Canada has overtaken the United Kingdom as a preferred study destination for international university applicants in a number of regions, and is gaining ground on the United States, new research shows.
It provides further evidence that international students are increasingly rejecting the United States and United Kingdom in favour of alternative English-speaking destinations.
The report – QS Applicant Survey 2018: What drives an international student today? – released annually by global international education thinktank Quacquarelli Symonds (QS), examines the destination preferences and study motivations of more than 16,000 prospective international students across the world.
Though the US and UK still remain the most-preferred and second-most preferred study destinations respectively when responses from all regions are combined, regional analysis shows that the UK is becoming, relative to Canada and other Western European nations, less attractive to international students in particular regions, according to the report, published on 15 March.
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The UK’s British Accreditation Council is developing an international English language education accreditation scheme it claims will be “quite unique” in the English language teaching industry.
L to R: Paul Fear, CEO; Rosie Fairfax, accreditation and quality enhancement manager; Diana Morriss, chief inspector
Set to be launched in early 2018, the standards will target large organisations around the globe that primarily offer English language training offshore.
CEO of BAC, Paul Fear, told The PIE News that the organisation had liaised with a range of UK and international academics, as well as two chains of language schools, to create a set of world-leading standards.
The BAC would not be looking to compete with any accreditation bodies in the UK, he said, but offer a new choice for educators working globally and focus on quality assurance and transparency, with quality assessment linked to CEFR benchmarks.
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Brexit is looming, but there is still much for the higher education sector to be positive about, such as a high prioritisation of research collaboration, according to a panel of industry experts who spoke last week at the Cambridge Assessment English international admissions seminar.
Representatives from Universities UK International, UCAS, British Council, QSand some of the UK’s leading HEIs shared the viewpoints on the topic of discussion: ‘Brexit – one year later’.
While most Europeans working in academia remember feeling shocked when the news of the ‘leave’ vote hit home, head of European engagement at UUKi, Anne May Janssen, was not one of them.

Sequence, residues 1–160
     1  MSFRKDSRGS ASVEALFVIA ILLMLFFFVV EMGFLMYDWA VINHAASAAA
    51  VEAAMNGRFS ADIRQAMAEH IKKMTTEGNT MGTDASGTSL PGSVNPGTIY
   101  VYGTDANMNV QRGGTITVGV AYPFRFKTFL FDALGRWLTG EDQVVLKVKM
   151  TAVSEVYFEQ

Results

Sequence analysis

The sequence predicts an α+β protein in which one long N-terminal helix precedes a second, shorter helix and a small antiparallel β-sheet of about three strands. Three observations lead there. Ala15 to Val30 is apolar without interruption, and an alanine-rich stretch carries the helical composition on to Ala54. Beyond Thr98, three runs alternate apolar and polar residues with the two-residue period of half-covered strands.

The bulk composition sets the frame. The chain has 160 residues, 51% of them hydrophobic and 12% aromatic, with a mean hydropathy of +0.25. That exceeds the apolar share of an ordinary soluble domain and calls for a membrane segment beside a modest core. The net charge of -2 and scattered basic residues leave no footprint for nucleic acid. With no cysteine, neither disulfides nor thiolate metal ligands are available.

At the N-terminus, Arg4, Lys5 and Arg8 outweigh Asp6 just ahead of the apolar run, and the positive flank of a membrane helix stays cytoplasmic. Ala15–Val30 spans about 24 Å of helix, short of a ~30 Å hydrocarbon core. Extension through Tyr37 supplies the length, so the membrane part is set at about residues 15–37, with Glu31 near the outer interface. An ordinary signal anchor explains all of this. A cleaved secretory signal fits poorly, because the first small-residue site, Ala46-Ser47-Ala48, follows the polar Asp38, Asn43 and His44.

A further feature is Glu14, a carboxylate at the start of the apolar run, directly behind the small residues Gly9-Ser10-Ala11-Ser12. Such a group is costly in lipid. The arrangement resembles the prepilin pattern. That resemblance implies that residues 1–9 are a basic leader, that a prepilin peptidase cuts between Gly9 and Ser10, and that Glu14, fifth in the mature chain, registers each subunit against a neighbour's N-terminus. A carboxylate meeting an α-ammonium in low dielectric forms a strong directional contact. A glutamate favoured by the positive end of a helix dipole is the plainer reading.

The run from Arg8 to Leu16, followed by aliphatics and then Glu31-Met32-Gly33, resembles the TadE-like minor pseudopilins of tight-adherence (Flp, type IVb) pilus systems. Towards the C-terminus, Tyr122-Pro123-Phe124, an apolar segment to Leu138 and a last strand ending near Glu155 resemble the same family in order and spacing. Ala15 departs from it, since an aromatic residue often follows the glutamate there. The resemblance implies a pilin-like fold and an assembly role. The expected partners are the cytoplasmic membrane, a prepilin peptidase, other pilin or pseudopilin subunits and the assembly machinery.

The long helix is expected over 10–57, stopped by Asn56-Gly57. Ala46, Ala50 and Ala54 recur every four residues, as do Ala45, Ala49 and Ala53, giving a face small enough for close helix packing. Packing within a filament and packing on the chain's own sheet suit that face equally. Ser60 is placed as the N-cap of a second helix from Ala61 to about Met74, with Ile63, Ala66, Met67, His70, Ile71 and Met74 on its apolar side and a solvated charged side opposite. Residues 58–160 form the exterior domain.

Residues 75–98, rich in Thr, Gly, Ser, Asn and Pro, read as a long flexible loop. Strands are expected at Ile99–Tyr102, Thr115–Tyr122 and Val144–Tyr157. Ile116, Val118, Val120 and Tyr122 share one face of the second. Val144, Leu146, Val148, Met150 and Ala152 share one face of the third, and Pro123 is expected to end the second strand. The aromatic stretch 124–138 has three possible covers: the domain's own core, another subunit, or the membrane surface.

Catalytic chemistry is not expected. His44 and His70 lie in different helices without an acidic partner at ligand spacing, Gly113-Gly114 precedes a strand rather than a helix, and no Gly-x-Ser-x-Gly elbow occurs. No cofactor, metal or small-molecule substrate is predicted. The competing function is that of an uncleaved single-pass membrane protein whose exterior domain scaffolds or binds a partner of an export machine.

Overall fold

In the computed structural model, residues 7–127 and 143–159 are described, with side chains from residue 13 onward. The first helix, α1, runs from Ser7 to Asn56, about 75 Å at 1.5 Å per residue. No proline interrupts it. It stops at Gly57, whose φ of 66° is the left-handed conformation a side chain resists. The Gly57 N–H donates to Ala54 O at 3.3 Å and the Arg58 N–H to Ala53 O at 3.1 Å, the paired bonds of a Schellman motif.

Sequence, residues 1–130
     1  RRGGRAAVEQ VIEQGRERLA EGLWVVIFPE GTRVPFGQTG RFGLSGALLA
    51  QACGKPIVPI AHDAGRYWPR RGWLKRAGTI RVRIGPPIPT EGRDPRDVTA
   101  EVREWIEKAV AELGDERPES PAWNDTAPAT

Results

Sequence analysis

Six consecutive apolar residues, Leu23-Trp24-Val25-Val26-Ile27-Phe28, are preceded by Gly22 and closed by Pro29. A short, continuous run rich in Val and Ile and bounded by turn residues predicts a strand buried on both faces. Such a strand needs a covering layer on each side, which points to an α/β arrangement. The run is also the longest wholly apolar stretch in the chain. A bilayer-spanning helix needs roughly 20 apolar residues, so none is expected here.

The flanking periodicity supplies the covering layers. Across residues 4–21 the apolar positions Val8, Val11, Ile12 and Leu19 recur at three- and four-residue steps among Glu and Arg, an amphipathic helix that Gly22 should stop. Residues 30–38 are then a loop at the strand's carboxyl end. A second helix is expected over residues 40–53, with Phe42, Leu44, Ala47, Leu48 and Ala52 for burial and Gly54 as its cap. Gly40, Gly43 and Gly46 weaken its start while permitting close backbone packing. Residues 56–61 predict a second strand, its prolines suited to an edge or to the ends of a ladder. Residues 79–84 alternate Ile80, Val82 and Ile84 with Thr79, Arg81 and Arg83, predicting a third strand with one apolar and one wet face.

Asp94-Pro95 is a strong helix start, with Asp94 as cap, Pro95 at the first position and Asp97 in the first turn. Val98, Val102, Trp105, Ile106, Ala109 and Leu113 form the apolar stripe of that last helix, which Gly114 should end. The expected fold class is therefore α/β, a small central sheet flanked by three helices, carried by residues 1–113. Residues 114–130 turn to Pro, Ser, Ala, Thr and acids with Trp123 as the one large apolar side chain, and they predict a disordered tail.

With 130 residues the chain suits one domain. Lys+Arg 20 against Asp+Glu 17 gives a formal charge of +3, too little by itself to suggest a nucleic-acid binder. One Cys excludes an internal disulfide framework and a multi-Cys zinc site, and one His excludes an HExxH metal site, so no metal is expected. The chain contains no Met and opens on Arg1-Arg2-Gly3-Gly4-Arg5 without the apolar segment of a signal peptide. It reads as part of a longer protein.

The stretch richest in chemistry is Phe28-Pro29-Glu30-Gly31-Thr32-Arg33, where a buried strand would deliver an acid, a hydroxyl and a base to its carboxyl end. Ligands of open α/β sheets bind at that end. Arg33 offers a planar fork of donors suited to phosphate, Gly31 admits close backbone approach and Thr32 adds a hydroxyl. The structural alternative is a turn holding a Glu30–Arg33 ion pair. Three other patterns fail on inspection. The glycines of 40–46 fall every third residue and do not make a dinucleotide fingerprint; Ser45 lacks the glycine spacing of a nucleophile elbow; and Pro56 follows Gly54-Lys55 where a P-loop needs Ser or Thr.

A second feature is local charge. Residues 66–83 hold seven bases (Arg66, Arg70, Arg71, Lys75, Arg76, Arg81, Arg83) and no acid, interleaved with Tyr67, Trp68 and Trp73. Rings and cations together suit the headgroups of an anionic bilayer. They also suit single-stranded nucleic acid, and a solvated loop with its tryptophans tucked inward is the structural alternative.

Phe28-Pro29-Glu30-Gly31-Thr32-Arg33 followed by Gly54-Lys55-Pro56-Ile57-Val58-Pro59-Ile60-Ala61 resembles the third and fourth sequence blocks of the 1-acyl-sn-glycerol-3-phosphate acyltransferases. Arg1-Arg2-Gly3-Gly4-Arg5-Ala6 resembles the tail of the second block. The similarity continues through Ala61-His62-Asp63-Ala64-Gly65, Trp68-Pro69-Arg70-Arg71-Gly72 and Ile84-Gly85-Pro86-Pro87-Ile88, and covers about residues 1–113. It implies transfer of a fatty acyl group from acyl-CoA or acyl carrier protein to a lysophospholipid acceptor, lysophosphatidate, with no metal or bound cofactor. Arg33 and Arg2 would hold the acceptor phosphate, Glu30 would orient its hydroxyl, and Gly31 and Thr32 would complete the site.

“When the referendum happened most people didn’t expect [the outcome]. I must say I did,” Janssen told the 100 strong crowd of HE international recruitment professionals.
“There was a sense of mourning and disbelief in Brussels, but the way Theresa May spoke… the speeches she gave about the advantage of programs that promote science, education and culture, were actually quite encouraging.”
Janssen added that “signals are very positive” as both the UK government and EU are continuing to talk about the importance of collaboration and research.
While 2016 brought damning news for some HEIs – some lower-ranked institutions were said to be seeing significant declines in EU numbers – , UCAS, the UK’s university application service, experienced an all-time high in non-UK EU student applications.
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This week the British government tabled new rules that will no longer allow non-EU further education (FE) students currently pursuing their studies in the UK to work part-time. Non-EU FE students – those enrolled in non-degree post-secondary programs – will now also be required to leave the country upon completion of their studies and must apply for a work visa from outside the UK.
The Statement of Changes in Immigration Rules was tabled by UK’s Home Secretary, Theresa May in the British House of Commons earlier this week on 13th July 2015. James Brokenshire, UK’s Minister of Immigration made a statement to the House stating the reason behind the reform to the student visa system is to reduce net migration and tackle abuse of those that use the visa as a backdoor to the country’s job market.
Some of the key policies that were confirmed and tabled this week include:
– Effective 3rd August 2015, new non-EU students enrolled at public English FE colleges will not be allowed to work for up to 10 hours per week (or full-time between semesters)
– From 12th November 2015, FE students can only apply for work visa at the conclusion of their studies outside of the country (UK), meaning they must leave the country first
– Also commencing from 12th November 2015, FE visas will be reduced to two years from its current three. FE students are also not allowed to extend their visas unless they can showcase good progress in their studies and unless their institution is affiliated with a university.
The reforms on the student visa system were initially brought forth last week by two government ministers, which was subsequently reported in the British media over the weekend. It was initially understood that the reforms would apply to all non-EU students in the UK; however, official statements this week confirm confining the impact to students only enrolled in FE programs. Read more